The Home application may be the best in the group, but most people do not use the application much beyond setting up their smart home for the first time. So let's see how daily use works.
Scheduled routines, voice control and automation look quite similar between the three large smart home voice-controlled platforms. You can program smart lights, for example, to turn them on at certain times, have them turn off when you leave the house (using location tracking on your phone) and tell your voice assistant to choose to alternate at any time. All these features work essentially the same way on all platforms, and although setting them up for the first time is easier through HomeKit, there is not much difference once everything is in place.
The biggest difference I've found is consistency and reliability. At CNET Smart Home, my co-workers and I use HomeKit to control lights and smart screens much more frequently than Google or Amazon; In fact, that observation inspired me to write this article first. In general, we have all found that Apple's ecosystem works the way we want it to work, even when integrations on other platforms struggle.
In part, this reliability is due to Apple's slow and steady focus on the smart home space.With the launch of the Home application in 2016, I argued that Apple was lagging behind the competition. And to my frustration, the tech giant remains behind the curve by launching a low-budget smart speaker. But that cautious approach, despite all its problems, has avoided disorderly retcons like and forgotten devices like the portable speaker and the Fashion camera
Even four years after the launch of the Home application, I can (and use) integrations that I set up that first week, either to open the blinds and turn on the lights, or to close all doors at the end of the day.
Friends with benefits
I noted earlier that one of HomeKit's biggest criticisms is that it integrates with only a few dozen brands. On the contrary, Google has partnerships with more than 1,000 companies, and Amazon works with more than 10,000. Amazon seems to have the obvious advantage in this case, but, honestly, the vast majority of users will consider that the offers of the three technology giants are more than enough to meet their needs.
The most important thing is to look at what categories of devices are covered. Apple, like Google and Amazon, offers connected smart lights, smart cameras, smart thermostats and smart fans. Basically, covering the main brands in each important category of connected home device will cover the needs of most people. There are some exceptions: Notably, HomeKit does not work with, which are our current favorites for their affordability.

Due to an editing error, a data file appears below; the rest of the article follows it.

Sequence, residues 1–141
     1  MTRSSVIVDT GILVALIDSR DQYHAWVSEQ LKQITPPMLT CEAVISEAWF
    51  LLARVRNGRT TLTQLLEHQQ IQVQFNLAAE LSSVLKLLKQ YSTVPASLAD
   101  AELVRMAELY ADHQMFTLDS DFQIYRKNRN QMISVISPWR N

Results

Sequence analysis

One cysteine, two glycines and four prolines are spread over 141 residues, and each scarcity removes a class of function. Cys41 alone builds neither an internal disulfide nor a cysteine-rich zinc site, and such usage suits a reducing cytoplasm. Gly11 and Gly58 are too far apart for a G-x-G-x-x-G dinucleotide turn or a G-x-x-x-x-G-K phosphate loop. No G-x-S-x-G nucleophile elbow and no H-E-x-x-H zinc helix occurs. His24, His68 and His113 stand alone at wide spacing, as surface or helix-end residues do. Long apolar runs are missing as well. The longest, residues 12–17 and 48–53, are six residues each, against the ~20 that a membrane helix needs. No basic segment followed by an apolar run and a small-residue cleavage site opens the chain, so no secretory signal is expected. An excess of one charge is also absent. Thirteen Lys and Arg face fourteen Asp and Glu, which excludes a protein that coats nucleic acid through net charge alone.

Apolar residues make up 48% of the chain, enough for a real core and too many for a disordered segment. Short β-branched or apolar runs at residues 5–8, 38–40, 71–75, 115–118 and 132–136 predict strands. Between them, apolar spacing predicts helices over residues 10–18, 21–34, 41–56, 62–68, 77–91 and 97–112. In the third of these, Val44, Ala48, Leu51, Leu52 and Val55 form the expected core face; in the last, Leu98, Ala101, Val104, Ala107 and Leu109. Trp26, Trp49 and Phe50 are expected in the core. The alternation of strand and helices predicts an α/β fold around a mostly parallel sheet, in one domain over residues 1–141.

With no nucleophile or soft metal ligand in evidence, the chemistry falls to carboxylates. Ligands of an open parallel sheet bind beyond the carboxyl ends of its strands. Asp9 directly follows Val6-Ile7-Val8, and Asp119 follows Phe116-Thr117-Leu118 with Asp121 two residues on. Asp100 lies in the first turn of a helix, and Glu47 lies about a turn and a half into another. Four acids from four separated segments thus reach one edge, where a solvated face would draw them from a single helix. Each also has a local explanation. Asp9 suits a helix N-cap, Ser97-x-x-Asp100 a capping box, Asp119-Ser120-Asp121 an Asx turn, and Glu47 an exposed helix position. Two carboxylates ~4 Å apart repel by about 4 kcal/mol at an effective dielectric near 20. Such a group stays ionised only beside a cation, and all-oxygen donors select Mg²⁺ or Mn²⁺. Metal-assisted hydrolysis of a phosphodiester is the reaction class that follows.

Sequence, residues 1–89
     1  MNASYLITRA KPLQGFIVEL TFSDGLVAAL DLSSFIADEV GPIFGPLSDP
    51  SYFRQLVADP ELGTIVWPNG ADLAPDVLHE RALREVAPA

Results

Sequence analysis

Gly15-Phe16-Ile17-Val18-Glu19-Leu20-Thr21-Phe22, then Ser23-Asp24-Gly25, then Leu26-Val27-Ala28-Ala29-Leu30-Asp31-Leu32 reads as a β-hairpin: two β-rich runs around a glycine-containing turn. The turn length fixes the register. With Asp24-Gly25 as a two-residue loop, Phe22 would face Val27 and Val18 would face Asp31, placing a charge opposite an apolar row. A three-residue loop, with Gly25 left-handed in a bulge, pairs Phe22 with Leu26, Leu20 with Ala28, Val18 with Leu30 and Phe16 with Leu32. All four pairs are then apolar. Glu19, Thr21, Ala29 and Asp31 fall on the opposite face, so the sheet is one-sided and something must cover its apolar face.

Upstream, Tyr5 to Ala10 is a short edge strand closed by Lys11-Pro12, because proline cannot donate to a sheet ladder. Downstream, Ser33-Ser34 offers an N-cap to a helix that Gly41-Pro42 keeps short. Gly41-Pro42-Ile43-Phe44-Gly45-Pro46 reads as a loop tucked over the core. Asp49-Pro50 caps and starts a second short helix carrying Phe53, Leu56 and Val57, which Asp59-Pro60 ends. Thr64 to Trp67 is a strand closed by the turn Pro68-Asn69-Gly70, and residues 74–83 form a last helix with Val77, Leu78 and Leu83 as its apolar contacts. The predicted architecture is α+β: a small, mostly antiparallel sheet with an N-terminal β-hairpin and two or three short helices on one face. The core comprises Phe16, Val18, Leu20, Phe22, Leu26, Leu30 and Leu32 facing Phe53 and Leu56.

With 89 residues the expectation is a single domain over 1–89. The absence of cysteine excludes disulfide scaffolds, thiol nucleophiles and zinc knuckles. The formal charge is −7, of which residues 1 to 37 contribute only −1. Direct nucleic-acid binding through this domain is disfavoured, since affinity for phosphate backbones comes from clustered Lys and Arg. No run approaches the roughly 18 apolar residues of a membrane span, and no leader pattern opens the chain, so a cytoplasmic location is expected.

But for the novelty everyor the technology startup product brings an Amazon smart home, brings an equal measure of security risk. Many small businesses, for example, cannot afford to pay a full-time security specialist, much less a team. In addition, flash devices in the pan that lose support will not receive those automatic software updates that guarantee patches for security flaws. In other words, by launching such a large partnership network, Google and especially Amazon potentially open their customers to less secure devices.
Apple, on the other hand, has made it sometimes very difficult to partner with it due to its security requirements. For a while, it even required companies to add MFi coprocessors to their HomeKit devices:.
Your network, as conventional wisdom says, is as safe as the most insecure device. And Apple seems to be prioritizing that security more than Google or Amazon, especially given its recent implementation of router-based security features through Eero, a company owned by Amazon, while Amazon focuses on comfort-focused features, such as " Wi-Fi simple setup. " And it's not just an association: Apple is doubling in the security front, offering, which encrypts and stores security images for free on iCloud.
This full attention to security and privacy contrasts with the most problematic approaches of Google and Amazon.
But the best?
The lack of an Apple budget speaker is frustrating to say the least. But apart from that problem, Apple's HomeKit platform is slowly positioning itself to be a compelling alternative in what may sometimes seem like a smart duel between an online search giant and an online retail giant.
Is Apple the best platform at the moment? That is debatable. But it is close enough to the competition that it could take advantage of that distinction with only a few smart changes.
Update, February 28: More comments were added.